Kingston MP Mark Gerretsen has spoken out in support of a controversial bill currently undergoing debate in the House of Commons.
Initially, the intent of the bill was to bring new streaming platforms such as Netflix, Crave, Spotify, and Amazon Prime Video under the Canadian Radio-television and telecommunications Commission (CRTC).
However, the proposed bill expanded into the realm of social media, sparking concerns among opposition parties and free speech advocates. Critics argue that the bill can be used to censor user generated content.
“In Canada there is a bill in front of parliament there is a bill that is probably going to pass because of Justin Trudeau that would stop you from being able to post on social media, that’s bill C-10,” said Conservative MP Michelle Rempel Garner recently.
Gerretsen responded to these assertions claiming that this is not true and that the bill has been politicized. “Bill C-10 was never intended for this purpose and quite frankly has been hijacked by anti-free speech movement promoted by hyper partisan politicians like [Conservative MP Michelle] Rempel.”
Additionally, Gerretsen says that language has been added to the bill that will clarify the intent of the bill. “Just for absolute certainty in an attempt to appease these concerns,further language will be inserted into the bill to provide maximum clarity around the issue,” said Gerretson.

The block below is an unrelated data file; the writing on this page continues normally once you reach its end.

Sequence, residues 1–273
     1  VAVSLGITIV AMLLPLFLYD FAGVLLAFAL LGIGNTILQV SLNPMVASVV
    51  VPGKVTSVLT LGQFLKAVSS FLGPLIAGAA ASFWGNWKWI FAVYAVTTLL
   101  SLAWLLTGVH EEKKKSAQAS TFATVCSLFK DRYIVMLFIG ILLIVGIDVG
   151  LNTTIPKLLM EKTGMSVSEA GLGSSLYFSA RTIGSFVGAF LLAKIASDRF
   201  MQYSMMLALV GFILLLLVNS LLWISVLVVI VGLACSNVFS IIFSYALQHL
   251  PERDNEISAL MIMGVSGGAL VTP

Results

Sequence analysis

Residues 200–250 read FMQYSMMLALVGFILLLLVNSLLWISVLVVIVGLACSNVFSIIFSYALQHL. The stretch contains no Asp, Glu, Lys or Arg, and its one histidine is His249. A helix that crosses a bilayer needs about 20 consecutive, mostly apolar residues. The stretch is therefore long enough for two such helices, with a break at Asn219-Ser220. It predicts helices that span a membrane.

Despite the MP’s attempts to ease concerns about the bill, confusion about its proposed intent continues to ensue.
Recently, Heritage Minister Steven Guilbeault recently said in an interview that the regulations may be applied to uploaders with large followings, and by extension considered broadcasters.
“What we want to do, this law should apply to people who are broadcasters, or act like broadcasters. So if you have a YouTube channel with millions of viewers, and you’re deriving revenues from that, then at some point the CRTC will be asked to put a threshold. But we’re talking about broadcasters here, we’re not talking about everyday citizens posting stuff on their YouTube channel,” Guilbeault said.
Shortly after his statement, Guibeault backtracked his statement, asserting that uploaders will never be considered broadcasters. “If a social media platform contracts an individual to produce content for broadcast, it will still be the social media platform that faces regulation,” he said.
The bill even attracted the attention of former former MP Jodie Wilson Raybould, who said. “When does internet following and therefore content uploaded by an individual make someone a ‘broadcaster’ to be regulated by CRTC?” said Wilson Raybould.
The hearings for the bill are still in progress and continue on Monday.